How Latinas Are Redefining Single Motherhood
Raising a kid on your own or with a coparent takes grit and determination, but it’s amazingly rewarding, according to the more than 400 single Latina moms we surveyed. Even though you do most of the heavy lifting, you’re not alone. That’s good news—and where things can sometimes get tricky.
Three years ago, while pregnant with her second daughter, Luna, Natalie Rios faced the unexpected: She and her husband of nine years separated. Suddenly, the Dominican-American entrepreneur in Brooklyn, New York, was left raising a 3-year-old daughter, Sofia, with another on the way, while struggling to keep her finances and business afloat. "It wasn't the script I had in mind for my life," says Rios, who adds that she doesn't share parenting responsibilities with her ex. "But being Latina and knowing how to hustle, I knew I'd be okay. It was a matter of empowering myself and putting one foot in front of the other to stay strong for my girls."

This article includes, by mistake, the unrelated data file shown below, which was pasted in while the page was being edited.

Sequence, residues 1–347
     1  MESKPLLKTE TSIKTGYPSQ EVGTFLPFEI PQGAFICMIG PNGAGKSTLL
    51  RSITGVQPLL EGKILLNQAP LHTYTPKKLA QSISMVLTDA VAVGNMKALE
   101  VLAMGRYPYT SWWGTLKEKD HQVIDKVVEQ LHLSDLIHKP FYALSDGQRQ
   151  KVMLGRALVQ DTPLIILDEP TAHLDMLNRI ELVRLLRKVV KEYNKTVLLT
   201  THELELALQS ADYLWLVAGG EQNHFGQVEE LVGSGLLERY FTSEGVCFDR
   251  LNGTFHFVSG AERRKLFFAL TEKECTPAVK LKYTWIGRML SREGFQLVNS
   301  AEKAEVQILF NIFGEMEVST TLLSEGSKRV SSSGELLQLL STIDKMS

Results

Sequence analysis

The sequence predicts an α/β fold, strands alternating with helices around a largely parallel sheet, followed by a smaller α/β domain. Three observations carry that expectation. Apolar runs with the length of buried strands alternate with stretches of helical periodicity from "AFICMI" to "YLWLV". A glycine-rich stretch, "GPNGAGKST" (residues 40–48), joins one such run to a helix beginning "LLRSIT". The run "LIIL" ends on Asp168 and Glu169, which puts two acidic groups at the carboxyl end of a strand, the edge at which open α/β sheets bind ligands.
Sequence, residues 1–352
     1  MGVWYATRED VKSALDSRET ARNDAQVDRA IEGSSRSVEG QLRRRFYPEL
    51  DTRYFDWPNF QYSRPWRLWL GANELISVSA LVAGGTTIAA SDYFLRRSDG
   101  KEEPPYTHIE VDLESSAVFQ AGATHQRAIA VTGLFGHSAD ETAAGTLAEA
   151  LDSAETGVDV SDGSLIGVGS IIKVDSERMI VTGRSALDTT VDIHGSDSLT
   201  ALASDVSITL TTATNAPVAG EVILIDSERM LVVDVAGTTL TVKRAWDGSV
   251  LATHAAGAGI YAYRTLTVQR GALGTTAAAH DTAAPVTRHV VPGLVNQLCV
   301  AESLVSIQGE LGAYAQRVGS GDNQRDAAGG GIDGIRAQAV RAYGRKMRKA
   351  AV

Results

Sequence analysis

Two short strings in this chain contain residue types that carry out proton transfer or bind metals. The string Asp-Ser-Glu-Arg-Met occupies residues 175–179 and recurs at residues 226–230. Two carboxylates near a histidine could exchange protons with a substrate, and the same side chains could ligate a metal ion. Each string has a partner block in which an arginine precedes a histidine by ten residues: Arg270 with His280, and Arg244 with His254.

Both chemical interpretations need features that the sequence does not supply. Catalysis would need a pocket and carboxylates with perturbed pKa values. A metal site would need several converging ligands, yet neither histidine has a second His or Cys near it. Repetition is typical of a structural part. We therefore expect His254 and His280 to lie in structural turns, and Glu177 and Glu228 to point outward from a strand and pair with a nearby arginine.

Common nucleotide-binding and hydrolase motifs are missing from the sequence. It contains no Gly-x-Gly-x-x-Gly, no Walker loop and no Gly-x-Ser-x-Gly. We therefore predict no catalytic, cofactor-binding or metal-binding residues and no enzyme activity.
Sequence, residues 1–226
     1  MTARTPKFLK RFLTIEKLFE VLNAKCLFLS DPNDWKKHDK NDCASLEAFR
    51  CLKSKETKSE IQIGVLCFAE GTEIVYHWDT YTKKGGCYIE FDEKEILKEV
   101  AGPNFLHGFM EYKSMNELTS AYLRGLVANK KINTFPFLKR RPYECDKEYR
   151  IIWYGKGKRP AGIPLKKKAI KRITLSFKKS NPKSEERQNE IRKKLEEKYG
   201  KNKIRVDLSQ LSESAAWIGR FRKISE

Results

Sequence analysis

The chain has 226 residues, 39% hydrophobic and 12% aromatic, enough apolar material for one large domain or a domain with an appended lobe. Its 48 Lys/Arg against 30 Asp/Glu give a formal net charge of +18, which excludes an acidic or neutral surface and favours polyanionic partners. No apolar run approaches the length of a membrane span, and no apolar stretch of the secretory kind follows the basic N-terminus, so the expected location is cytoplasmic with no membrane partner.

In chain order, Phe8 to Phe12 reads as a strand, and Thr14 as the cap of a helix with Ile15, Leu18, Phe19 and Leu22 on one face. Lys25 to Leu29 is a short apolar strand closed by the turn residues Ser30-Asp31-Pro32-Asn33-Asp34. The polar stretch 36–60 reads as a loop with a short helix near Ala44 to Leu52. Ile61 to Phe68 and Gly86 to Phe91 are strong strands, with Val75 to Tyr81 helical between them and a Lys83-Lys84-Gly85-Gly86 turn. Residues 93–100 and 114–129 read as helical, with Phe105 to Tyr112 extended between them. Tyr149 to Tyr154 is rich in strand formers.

Rios isn't alone in that sentiment. Parents Latina recently surveyed 439 Latina single moms with children under age 12 and found that more chose "strong" to describe themselves than any other word, regardless of whether they parent solo or coparent. And 8 out of 10 said they felt a great sense of pride in their parenting. Yet many have to contend with society's misconceptions about their roles. "There's a lot of stigma around single motherhood in the Latino community because of traditional gender norms that view men as the protectors and financial providers, and women as the selfless, do-it-all caretakers," says Ernestina Perez, a Mexican-American therapist and founder of Latinx Talk Therapy, in Chicago.